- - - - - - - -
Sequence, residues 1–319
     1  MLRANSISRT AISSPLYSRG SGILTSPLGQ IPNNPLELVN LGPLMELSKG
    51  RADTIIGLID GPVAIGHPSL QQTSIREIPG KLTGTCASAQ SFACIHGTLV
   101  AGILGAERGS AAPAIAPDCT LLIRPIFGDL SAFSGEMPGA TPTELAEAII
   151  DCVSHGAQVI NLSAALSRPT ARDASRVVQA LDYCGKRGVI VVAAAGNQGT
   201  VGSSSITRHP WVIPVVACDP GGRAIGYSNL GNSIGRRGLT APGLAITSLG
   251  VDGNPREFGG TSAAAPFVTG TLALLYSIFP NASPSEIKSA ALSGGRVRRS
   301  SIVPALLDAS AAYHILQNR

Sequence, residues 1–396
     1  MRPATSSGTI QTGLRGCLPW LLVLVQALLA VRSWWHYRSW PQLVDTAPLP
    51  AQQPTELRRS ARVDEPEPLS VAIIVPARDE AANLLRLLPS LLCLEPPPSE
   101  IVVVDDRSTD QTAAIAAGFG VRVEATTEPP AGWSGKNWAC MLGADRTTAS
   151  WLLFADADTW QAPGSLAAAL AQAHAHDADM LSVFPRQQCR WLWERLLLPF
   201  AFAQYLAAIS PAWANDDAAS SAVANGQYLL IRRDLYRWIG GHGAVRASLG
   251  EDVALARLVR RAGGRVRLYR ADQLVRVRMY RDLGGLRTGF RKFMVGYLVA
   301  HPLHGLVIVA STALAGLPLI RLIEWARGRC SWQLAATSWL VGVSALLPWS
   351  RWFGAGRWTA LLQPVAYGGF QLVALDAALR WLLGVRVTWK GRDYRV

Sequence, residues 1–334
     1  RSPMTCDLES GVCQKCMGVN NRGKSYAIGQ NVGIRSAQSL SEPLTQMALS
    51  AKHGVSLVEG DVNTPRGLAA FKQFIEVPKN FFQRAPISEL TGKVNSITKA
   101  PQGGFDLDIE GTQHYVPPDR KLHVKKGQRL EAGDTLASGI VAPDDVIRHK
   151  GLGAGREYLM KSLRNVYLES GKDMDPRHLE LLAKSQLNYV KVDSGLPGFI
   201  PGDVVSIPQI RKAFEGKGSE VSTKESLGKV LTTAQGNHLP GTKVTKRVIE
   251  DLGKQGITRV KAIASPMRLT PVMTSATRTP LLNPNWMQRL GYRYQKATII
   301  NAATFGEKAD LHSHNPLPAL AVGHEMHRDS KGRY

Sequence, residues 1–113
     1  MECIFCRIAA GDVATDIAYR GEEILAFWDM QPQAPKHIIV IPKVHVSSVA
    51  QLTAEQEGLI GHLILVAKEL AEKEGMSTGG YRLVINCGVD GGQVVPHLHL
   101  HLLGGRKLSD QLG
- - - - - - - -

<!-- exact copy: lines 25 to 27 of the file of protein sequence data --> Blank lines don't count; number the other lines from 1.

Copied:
   301  NAATFGEKAD LHSHNPLPAL AVGHEMHRDS KGRY

Sequence, residues 1–113
     1  MECIFCRIAA GDVATDIAYR GEEILAFWDM QPQAPKHIIV IPKVHVSSVA